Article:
Mexico Border
Chip Somodevilla

Because that's not slavery...

Rachaell Davis
Jan, 06, 2017

For much of his 2016 presidential campaign, Donald Trump vowed to build a wall on the Mexican border as one of his several invasive strategies for U.S. immigration policy reform. Now that Trump officially on his way to the White House, a sheriff out of Massachusetts is weighing in with his unsolicited two cents on how to actually get the wall completed.

In the midst of  adding to Trump's outlandish reasoning for the necessity of the wall, Bristol County Sheriff Thomas Hodgson stated he believes tasking inmates from around the country with building the wall would be "powerful."

Right.

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"I can think of no other project that would have such a positive impact on our inmates and our country than building this wall,”Hodgson said during a swearing in ceremony on Wednesday according to The Huffington Post. "Aside from learning and perfecting construction skills, the symbolism of these inmates building a wall to prevent crime in communities around the country, and to preserve jobs and work opportunities for them and other Americans upon release, can be very powerful.”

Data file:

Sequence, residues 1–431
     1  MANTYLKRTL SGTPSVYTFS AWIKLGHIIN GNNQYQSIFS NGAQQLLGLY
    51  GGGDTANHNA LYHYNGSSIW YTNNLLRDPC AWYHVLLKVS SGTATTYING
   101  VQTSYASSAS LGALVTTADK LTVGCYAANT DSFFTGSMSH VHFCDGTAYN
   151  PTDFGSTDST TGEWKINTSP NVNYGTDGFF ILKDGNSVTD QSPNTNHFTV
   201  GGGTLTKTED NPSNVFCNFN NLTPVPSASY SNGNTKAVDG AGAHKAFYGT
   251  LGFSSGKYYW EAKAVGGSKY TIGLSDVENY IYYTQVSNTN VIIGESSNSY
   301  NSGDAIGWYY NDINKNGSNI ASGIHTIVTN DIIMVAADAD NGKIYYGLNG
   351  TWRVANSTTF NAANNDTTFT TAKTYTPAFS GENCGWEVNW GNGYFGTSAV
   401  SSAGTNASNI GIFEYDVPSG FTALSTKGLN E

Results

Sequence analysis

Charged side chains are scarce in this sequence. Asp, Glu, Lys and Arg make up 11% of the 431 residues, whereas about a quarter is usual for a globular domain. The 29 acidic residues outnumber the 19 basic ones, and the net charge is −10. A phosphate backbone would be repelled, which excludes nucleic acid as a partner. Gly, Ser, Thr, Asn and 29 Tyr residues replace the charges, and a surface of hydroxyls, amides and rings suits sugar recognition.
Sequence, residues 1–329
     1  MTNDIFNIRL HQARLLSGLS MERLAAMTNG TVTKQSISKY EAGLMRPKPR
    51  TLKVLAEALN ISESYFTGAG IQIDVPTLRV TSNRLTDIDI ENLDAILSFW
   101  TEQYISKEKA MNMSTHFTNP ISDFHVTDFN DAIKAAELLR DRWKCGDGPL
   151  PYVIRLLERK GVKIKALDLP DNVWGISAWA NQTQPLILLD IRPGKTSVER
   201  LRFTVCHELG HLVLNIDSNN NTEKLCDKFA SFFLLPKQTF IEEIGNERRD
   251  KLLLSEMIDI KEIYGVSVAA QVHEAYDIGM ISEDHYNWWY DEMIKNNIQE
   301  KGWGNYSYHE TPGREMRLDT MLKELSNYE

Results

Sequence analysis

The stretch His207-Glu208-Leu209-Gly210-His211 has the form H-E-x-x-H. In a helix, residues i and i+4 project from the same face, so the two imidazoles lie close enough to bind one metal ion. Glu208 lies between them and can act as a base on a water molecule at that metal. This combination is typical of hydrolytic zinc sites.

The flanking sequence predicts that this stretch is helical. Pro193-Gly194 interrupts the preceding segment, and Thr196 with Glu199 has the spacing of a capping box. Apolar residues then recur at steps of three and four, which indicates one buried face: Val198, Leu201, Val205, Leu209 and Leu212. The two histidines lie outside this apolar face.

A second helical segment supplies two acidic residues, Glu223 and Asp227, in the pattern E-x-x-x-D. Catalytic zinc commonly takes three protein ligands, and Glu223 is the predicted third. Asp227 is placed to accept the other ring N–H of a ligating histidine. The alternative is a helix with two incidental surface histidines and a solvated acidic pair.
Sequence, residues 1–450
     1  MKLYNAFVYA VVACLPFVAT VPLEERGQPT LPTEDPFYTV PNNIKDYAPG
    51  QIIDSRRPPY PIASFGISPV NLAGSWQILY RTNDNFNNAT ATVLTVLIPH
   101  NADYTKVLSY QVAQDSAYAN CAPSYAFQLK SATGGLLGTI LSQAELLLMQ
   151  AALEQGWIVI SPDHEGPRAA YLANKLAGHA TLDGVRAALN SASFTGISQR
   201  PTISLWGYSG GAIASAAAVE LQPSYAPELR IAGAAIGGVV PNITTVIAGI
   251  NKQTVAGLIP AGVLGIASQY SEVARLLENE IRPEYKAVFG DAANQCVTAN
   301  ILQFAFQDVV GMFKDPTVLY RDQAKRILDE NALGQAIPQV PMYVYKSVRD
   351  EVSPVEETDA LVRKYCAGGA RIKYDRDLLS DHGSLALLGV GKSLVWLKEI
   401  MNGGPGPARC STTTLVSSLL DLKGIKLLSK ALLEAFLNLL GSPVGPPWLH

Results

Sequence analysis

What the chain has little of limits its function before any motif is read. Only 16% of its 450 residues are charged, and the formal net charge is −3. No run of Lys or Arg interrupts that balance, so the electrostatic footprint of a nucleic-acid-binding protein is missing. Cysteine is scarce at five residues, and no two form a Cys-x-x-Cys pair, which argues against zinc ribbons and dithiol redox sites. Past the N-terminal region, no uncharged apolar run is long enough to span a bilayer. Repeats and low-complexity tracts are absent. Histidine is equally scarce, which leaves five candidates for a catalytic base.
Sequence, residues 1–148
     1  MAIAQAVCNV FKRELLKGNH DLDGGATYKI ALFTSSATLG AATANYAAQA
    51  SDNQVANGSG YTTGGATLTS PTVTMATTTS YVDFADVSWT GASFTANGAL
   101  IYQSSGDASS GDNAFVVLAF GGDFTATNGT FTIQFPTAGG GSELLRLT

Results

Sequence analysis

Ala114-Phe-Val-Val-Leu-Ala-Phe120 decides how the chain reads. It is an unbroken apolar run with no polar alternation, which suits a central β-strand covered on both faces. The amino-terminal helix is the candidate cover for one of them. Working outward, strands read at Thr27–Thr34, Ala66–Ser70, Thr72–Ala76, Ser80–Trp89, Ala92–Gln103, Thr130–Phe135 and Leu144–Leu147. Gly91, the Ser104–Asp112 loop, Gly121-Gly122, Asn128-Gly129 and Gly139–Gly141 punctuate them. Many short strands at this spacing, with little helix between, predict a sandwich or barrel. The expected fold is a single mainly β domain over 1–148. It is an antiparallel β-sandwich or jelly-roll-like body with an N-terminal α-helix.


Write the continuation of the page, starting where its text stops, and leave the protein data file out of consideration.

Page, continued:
Last month, the Trump transition team reportedly worked with the Department of Homeland Security to identify 400 miles along the U.S. border where a wall could potentially live.

Trump and his team have remained silent on the Sheriff Hodgson's comments, however, the ACLU staff counsel Laura Rotolo called his suggestion to have "perverse." 

"The proposal is perverse, it’s inhumane and very likely unconstitutional,” Rotolo said. “It certainly has nothing to do with helping prisoners in Massachusetts or their families. It’s about politics.”